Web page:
THE J. ALFRED PRUFROCK MURDERS by Corinne Holt Sawyer

THE J. ALFRED PRUFROCK MURDERS

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KIRKUS REVIEW

Four old gals play Nancy Drew at their California retirement home--in a talky hodge-podge of lame, cutesy-poo comedy, featherbrain plotting, and incongruously grim reflection on old age. At fairly posh Camden-sur-Mer, there's an elderly quartet of dissimilar chums. (Sawyer's evidently been watching TV's Golden Girls.) Angela Benbow is a saucy, vain, slightly nasty gossip; Caledonia Wingate is a hearty, take-charge sort; Stella Austin is a reserved Boston-Brahmin type; and Nan Church is a roly-poly, giggly ex-actress (whose husband is near-terminal with Alzheimer's disease). So when ""Sweetie"" Gilfillan, a retired librarian, is found stabbed to death, the foursome--urged on by big Caledonia--starts poking around, sure that the police will miss important clues. In no time, they establish that Sweetie--a bland, quiet sort--was actually a vicious blackmailer who had found out the deep, dark secrets of assorted Camden-sur-Mer residents. But neither the secrets, nor the clues, nor any of the motives are even faintly plausible. The final surprise-twists are predictable nonsense. And the attempts at farce--Angela is the group's bumbler--are merely embarrassing. Readers undemanding enough for the prevailing inanity here are unlikely to appreciate graphic descriptions of the indignities of advanced Alzheimer's. Conversely, the audience for serious geriatric drama probably won't tolerate Sawyer's giddy, if well-meaning, amateurishness.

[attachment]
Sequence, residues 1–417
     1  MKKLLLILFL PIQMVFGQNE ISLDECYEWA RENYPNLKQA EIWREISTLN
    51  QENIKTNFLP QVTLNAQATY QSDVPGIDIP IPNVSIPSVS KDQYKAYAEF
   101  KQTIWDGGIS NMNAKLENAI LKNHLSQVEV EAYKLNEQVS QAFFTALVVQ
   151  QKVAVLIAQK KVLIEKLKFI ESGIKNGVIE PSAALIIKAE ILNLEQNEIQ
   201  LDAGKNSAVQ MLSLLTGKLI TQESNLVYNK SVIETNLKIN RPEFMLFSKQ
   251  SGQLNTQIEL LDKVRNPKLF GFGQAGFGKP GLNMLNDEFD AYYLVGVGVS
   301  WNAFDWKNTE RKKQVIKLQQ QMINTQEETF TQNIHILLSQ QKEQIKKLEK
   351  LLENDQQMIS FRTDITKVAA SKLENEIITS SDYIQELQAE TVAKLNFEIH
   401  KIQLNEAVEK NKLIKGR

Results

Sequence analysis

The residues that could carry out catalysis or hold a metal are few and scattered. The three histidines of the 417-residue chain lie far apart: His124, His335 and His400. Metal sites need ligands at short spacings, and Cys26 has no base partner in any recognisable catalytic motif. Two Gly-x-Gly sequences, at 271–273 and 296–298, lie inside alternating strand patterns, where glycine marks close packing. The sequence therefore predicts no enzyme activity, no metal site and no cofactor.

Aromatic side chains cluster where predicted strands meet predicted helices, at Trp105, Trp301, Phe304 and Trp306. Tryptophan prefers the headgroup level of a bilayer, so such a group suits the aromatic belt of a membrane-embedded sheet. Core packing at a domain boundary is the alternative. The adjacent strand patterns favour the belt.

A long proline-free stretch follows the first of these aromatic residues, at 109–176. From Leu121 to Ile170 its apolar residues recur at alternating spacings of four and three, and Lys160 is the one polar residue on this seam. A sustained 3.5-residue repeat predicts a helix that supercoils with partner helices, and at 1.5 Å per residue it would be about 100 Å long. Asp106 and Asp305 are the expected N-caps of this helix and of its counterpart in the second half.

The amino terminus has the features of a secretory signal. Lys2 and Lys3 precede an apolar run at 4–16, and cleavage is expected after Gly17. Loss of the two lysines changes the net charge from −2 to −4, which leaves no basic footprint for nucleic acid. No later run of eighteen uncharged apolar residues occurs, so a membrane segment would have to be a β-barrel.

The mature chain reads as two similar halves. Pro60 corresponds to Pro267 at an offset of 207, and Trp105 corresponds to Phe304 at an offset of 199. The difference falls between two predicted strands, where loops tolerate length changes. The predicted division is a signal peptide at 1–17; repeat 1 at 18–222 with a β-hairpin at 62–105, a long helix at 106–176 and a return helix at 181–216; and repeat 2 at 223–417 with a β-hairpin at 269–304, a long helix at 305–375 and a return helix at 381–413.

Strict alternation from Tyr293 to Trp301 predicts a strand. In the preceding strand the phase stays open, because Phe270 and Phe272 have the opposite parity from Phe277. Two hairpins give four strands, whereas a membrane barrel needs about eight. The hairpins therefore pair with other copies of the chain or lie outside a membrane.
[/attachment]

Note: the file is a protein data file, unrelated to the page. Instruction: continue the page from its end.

Pub Date: June 30th, 1988
Publisher: Donald Fine